Archive for paranoia

Layman Answers to some Climate Denial Arguments

Posted in conspiracy thinking, pseudoscience with tags , , on March 15, 2010 by cpolsonb

This one goes out to those of you who are somewhat confused about climate change and where the most recent science lies. I’ll try to keep the questions and answers as non-technical as is possible. I’m not going to go over the details with a fine tooth comb, think of this more like a quick primer on how to defend yourself from common climate denial arguments. Much of the information I’m going to pull from comes straight out of the March/April 2010 issue of Skeptical Inquirer, and an article by David Morrison.

As a quick preface it’s useful to mention that the scientific argument over whether the planet is warming has died down considerably over the last decade. Note that I say ‘scientific’ argument as there remains a small but dedicated group of ideologically driven denialists who dispute even this. Since the IPCC’s (Intergovernmental Panel on Climate Change) latest report many who didn’t support the warming hypothesis have been swayed. The real scientific questions now lie in extracting the degree to which humans are forcing climate change. This human induced climate change or change acceleration is referred to colloquially as AGW (anthropogenic global warming). The questions that remain to be resolved are all a matter of degree, very few people and almost no climate scientists deny that the planet is warming at all.

I will now attempt to (very) briefly cover some of the most common arguments put forward by people who are either intentionally distorting the facts to serve an agenda or are too lazy to properly research climate change. These arguments range in goal from questioning whether climate change is a negative to disputing the accuracy of recordings and even accusations of fraud. Thanks once again to David Morrison’s fantastic article for most of this info.

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Diet Dilemma? What’s the Catch?

Posted in conspiracy thinking, health, pseudoscience, skepticism with tags , , , , on February 17, 2010 by cpolsonb

While stopping by my former workplace just a few days ago I came face to face yet again with one of my most hated conspiracy theories/pseudosciences. A friend and ex workmate of mine Drew asked whether I still suffer from the regular headaches that plagued me while I worked there. “Why yes” I replied and briefly mentioned some medical avenues I’m exploring to treat them. His follow up was “because I was speaking to Troy the other day and he was telling me about how diet coke can lead all sorts of problems like headaches”. Drew went on to mention how the artificial sweetener aspartame has been linked to all sorts of problems and cited a study on rats as evidence. Now Drew is a nice guy, he was genuinely interested in what I had to say and seemed to take a lot on board. The Aspartame scare was nothing new to me; in fact it is one of the most common examples of scientific paranoia that I encounter in day to day life. Let’s take a look at some of the claims from aspartame critics and evaluate the scientific evidence. I could never dream of covering such a broad topic in real depth but I wish to draw attention to a few main points.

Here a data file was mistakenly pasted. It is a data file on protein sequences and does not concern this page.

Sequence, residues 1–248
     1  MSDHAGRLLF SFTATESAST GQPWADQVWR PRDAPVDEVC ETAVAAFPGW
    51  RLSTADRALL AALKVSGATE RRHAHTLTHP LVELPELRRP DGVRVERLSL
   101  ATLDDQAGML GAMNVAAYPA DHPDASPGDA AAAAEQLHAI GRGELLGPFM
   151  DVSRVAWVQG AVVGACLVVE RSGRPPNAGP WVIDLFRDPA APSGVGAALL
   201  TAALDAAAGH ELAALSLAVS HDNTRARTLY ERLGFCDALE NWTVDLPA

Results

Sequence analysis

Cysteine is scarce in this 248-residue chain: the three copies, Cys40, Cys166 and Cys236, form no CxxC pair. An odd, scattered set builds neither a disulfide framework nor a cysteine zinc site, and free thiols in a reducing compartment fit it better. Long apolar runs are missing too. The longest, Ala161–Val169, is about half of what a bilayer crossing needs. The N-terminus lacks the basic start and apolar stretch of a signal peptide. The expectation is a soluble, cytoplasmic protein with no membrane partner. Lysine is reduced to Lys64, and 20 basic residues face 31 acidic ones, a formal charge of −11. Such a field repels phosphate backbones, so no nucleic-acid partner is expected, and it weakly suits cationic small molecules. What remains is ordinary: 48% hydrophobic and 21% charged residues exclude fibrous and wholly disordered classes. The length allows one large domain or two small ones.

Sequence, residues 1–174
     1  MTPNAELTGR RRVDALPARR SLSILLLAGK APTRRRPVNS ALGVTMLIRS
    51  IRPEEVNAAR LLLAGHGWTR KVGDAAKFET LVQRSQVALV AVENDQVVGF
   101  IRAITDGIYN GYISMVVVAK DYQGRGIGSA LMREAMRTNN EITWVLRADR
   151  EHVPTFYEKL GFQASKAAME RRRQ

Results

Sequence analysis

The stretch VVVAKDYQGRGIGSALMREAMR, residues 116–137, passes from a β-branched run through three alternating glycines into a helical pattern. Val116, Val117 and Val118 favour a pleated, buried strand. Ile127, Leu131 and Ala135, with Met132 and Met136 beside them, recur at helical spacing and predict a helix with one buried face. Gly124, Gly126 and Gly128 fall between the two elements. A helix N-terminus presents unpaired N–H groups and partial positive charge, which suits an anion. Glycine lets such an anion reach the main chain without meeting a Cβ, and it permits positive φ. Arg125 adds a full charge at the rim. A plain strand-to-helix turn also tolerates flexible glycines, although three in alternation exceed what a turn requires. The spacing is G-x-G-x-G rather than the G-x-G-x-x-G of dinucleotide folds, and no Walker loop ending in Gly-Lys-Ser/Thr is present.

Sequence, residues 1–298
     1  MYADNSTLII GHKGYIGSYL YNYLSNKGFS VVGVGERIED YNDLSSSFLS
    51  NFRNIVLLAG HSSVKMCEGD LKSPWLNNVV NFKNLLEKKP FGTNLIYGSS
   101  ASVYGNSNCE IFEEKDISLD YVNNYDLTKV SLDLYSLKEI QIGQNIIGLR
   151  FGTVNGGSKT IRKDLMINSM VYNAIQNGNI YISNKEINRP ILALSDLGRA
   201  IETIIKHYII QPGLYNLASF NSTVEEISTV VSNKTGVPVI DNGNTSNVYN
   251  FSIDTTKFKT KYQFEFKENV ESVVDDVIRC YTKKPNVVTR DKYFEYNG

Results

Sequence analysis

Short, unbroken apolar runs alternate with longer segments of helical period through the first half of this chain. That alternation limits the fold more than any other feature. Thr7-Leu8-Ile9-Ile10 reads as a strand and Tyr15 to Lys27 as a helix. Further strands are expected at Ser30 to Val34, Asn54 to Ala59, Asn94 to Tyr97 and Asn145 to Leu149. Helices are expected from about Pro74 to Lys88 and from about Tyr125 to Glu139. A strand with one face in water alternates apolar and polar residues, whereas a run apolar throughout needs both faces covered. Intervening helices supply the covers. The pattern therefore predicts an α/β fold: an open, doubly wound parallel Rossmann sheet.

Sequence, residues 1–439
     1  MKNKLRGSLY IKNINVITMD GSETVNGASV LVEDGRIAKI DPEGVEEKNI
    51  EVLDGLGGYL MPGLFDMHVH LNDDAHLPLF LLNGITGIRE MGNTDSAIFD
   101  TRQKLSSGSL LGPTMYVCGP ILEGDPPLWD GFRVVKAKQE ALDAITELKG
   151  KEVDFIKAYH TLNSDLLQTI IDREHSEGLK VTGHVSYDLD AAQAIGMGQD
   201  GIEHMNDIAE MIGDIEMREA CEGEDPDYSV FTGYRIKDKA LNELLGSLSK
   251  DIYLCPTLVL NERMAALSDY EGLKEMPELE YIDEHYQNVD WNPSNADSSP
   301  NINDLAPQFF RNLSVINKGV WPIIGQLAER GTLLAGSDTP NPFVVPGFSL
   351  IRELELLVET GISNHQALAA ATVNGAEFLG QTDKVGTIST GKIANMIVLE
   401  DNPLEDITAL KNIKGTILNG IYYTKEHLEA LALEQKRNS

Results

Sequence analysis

I’ll start with a very brief and non-technical overview of aspartame. Discovered in 1965 aspartame’s chemical name is aspartyl-phenylalanine-1-methyl ester. It is one of the most commonly used artificial sweeteners world wide and is only applied in relatively small amounts (it’s around 180 times sweeter than sugar). If you’re a fan of diet drinks like Diet Coke, Pepsi Max, Sprite Zero etc. then you almost certainly consume aspartame on a regular basis.

Aspartame sits in big pile along with mercury-amalgam fillings, vaccines, fluoridated water, food from the microwave, bottled water and many other byproducts of science that are criticized heavily despite having been studied intensively and proven to be safe for regular use. A literature review examining the body of peer-reviewed research surrounding aspartame published in the journal of “Regulatory Toxicology and Pharmacology” found the following:

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